Marine Reptile Fossils Getting Prepped for Museum Exhibit

Mosasaur known as "T-Rex of the Ocean"

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    NEWSLETTERS

    Volunteers are meticulously prepping fossils of a mosasaur found at Garland's Duck Creek in 2007 for an exhibit at the Heard Museum. (Published Monday, May 28, 2012)

    Scientists in McKinney are working to restore the mosasaur, which some scientists describe as the "T-Rex of the ocean."

    "They were some of the biggest baddest predators that lived in the ocean at that time," Darlene Sumerfelt, a member of Dallas Paleontological Society said. "The mosasaur could swallow you basically in one bite."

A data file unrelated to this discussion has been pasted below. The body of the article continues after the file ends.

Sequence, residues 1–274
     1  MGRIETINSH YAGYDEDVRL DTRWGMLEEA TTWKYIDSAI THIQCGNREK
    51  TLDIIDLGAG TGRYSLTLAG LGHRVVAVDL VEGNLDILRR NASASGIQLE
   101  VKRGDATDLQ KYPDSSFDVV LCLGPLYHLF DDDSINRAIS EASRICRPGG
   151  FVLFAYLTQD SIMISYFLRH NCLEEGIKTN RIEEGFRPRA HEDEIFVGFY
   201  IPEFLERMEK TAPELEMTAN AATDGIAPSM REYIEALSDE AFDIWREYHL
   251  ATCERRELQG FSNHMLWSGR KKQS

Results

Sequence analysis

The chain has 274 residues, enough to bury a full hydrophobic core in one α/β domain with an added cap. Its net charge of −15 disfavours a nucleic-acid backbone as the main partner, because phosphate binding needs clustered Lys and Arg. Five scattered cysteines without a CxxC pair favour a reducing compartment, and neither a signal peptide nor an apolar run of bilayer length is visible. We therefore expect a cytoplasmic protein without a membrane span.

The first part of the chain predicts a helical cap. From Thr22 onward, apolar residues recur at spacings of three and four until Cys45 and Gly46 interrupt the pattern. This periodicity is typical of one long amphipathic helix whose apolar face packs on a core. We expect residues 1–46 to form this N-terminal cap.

Nearly 50-feet long and weighing eight tons, this creature was common to North Texas 75 million years ago. At a time when according to scientists, part of the state was underwater.

    Members of the Dallas Paleontological Society and their Fossil Bureau of Investigation excavated this particular mosasaur from Garland's Duck Creek in 2007.

    Volunteers like Joan Sherpard signed up to help get the marine reptile's fossils ready for its debut at the heard museum.

    "Once there was just one row of teeth, [then] we started finding this row of bones," Sherpard said. "It's part of the treasure hunt."

    The fossils will go on display at the museum later this year.

    If you wish to volunteer on this project or others visit Heardmuseum.org.